Lesson 2

Journey Through JavaScript: Function Invocation, Combining Functions, and Default Arguments

Introduction and Overview

Welcome back, Explorer! Today's adventure dives into JavaScript, exploring function invocation, calling independent functions within a function, and working with default argument values.

A function invocation refers to calling or triggering a function. Invoking independent functions within another combines their outputs. If no specific value is passed, default argument values are used. Are you ready to decode these concepts? Let's get started!

Understanding Function Invocation

Remember, a function acts only when we invoke or call it. Consider the function sayHello, invoked by sayHello(). Here's an illustration:

1// Function defined (just a blueprint for now) 2function sayHello() { 3 console.log("Hello!"); 4} 5 6// Function invoked (blueprint turned into reality) 7sayHello(); // Output: "Hello!"

Function invocation in JavaScript is akin to using a recipe — you 'invoke' the recipe to make the cookies!

Invoking Independent Functions Inside a Function

Very often, we need to combine the outputs of different functions. That's when invoking independent functions within another becomes handy.

Imagine you have two distinct functions, sayHello and sayGoodbye. Now, crafting a greet function to invoke sayHello and sayGoodbye would look like this:

1// Defining independent functions 2function sayHello() { 3 console.log("Hello!"); 4} 5 6function sayGoodbye() { 7 console.log("Goodbye!"); 8} 9 10// Invoking them inside another function 11function greet() { 12 sayHello(); 13 sayGoodbye(); 14} 15 16// Calling the greet function 17greet(); 18/* 19Prints: 20Hello! 21Goodbye! 22*/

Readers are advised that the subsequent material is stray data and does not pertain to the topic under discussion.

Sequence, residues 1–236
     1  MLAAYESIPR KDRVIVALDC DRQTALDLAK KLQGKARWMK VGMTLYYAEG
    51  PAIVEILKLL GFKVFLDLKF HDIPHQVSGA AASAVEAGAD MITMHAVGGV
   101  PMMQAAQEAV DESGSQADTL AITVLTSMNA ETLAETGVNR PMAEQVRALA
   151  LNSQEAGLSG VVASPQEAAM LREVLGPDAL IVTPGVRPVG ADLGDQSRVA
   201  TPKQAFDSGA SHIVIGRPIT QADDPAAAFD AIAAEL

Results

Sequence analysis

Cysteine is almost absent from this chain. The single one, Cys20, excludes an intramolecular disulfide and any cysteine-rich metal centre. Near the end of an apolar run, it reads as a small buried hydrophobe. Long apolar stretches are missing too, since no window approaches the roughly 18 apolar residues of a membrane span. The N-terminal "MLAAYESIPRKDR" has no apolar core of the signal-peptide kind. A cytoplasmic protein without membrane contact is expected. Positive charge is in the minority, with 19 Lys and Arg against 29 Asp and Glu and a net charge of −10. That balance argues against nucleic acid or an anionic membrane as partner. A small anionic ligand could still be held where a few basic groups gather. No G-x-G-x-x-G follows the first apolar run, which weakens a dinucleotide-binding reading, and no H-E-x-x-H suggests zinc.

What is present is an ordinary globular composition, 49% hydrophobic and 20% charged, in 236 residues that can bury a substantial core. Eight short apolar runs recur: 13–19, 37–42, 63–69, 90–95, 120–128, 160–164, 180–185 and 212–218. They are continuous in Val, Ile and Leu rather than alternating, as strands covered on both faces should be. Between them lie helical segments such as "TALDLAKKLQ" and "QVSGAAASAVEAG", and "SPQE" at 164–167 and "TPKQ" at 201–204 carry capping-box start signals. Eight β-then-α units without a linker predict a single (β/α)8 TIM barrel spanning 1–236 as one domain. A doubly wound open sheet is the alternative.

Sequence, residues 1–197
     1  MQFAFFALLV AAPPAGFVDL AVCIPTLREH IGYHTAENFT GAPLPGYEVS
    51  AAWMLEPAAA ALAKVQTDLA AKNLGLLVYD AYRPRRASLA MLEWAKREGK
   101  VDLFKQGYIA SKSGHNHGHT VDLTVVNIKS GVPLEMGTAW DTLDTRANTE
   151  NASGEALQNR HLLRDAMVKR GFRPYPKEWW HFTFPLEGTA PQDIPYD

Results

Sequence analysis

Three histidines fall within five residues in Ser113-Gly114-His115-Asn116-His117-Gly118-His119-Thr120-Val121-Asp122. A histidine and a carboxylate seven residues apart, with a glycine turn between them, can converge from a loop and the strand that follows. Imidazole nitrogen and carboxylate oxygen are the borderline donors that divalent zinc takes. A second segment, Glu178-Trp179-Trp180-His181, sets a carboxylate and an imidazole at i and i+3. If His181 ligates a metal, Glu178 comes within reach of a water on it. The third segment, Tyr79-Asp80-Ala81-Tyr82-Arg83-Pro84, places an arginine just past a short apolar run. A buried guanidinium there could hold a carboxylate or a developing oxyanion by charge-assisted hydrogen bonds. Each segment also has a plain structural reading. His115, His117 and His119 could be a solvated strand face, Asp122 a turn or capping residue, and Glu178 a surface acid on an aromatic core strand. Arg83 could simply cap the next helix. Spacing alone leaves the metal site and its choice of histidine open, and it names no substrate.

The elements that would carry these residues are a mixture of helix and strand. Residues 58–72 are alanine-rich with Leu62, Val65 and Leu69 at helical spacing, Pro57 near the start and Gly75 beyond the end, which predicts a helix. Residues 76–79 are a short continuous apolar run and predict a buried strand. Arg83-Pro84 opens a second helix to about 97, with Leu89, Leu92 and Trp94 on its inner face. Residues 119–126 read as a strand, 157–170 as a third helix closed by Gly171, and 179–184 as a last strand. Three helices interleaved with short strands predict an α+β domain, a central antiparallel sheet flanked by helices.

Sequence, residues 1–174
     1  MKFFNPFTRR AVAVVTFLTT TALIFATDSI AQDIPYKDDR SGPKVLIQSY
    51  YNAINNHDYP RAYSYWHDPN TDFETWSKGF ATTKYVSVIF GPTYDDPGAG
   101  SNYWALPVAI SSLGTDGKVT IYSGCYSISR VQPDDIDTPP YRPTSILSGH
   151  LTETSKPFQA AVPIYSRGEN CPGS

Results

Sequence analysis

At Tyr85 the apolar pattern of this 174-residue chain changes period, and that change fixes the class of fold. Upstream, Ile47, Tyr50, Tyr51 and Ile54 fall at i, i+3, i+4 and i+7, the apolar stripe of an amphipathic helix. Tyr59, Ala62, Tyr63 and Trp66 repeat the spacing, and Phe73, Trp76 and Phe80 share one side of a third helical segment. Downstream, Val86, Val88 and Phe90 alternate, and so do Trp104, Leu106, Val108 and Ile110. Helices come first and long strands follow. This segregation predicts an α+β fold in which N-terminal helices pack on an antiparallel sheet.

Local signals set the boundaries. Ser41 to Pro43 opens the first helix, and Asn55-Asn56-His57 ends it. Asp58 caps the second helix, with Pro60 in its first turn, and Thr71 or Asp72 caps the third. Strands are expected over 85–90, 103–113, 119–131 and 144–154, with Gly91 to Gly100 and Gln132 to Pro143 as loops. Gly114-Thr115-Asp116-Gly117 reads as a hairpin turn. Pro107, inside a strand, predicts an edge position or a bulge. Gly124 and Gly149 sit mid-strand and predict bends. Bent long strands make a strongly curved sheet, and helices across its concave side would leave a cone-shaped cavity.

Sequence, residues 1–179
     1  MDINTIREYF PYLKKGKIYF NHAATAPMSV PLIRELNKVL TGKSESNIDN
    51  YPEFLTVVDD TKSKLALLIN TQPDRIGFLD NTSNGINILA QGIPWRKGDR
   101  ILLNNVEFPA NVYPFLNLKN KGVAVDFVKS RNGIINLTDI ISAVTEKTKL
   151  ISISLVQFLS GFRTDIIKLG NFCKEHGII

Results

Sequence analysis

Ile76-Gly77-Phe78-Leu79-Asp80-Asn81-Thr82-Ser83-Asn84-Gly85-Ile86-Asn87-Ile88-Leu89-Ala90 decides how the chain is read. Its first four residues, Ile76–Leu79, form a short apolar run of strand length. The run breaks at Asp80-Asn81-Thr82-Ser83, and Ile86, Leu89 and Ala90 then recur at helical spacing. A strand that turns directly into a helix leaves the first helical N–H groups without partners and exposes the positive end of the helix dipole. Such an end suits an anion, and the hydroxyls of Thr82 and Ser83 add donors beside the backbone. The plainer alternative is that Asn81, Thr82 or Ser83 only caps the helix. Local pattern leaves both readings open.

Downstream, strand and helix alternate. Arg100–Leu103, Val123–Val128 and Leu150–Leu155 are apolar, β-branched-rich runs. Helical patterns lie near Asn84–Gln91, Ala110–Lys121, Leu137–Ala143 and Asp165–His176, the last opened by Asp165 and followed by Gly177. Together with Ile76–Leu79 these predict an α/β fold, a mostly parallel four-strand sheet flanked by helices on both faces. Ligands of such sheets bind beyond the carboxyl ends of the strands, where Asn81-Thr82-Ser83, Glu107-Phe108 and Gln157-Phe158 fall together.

Voila! Both "Hello" and "Goodbye" are presented together by invoking sayHello and sayGoodbye within greet.

Using Other Functions Results

Often, while writing functions, you would want to utilize the result of one function inside another. In such cases, you would call a function inside another function.

Take an example of a function findSum that adds two numbers and another function getAverage that finds the average of two numbers. To get the average, we must first find the sum. Hence, we need to call findSum inside getAverage. Here's how it is done:

1// Define `findSum` function that returns the sum of two numbers 2function findSum(num1, num2) { 3 let sum = num1 + num2; 4 return sum; 5} 6 7// Define `getAverage` function 8function getAverage(num1, num2) { 9 // Call findSum inside getAverage 10 let sum = findSum(num1, num2); 11 let avg = sum / 2; 12 return avg; 13} 14 15// Test the function 16let average = getAverage(10, 20); // Output: 15

In our getAverage function, we first call the findSum function, which returns the sum of num1 and num2. This sum is then used to calculate the average. This is how you can call functions inside functions!

Parameter Default Values

In JavaScript, function parameters can have default values, which allow the parameter to be optionally omitted when calling the function, using this default value for it instead. Here is how it works:

1// Specify 'stranger' as the default name 2function greetPerson(name = "stranger") { 3 console.log(`Hello, ${name}!`); // String interpolation to include the name in the greeting 4} 5 6// Call greetPerson without providing a name 7greetPerson(); // Output: "Hello, stranger!" 8 9// Call greetPerson with the name "Bob" 10greetPerson("Bob"); // Output: "Hello, Bob!"

If no name is given to greetPerson, it uses the default name "stranger".

Lesson Summary and Practice

Bravo! You've mastered function invocation in JavaScript, implemented the concept of invoking independent functions within a function, and defined default argument values for function parameters.

Get ready for a series of fun exercises to reinforce your understanding and proficiency. Remember, practice makes perfect! As our JavaScript journey continues, stay on board and stay tuned!

Enjoy this lesson? Now it's time to practice with Cosmo!

Practice is how you turn knowledge into actual skills.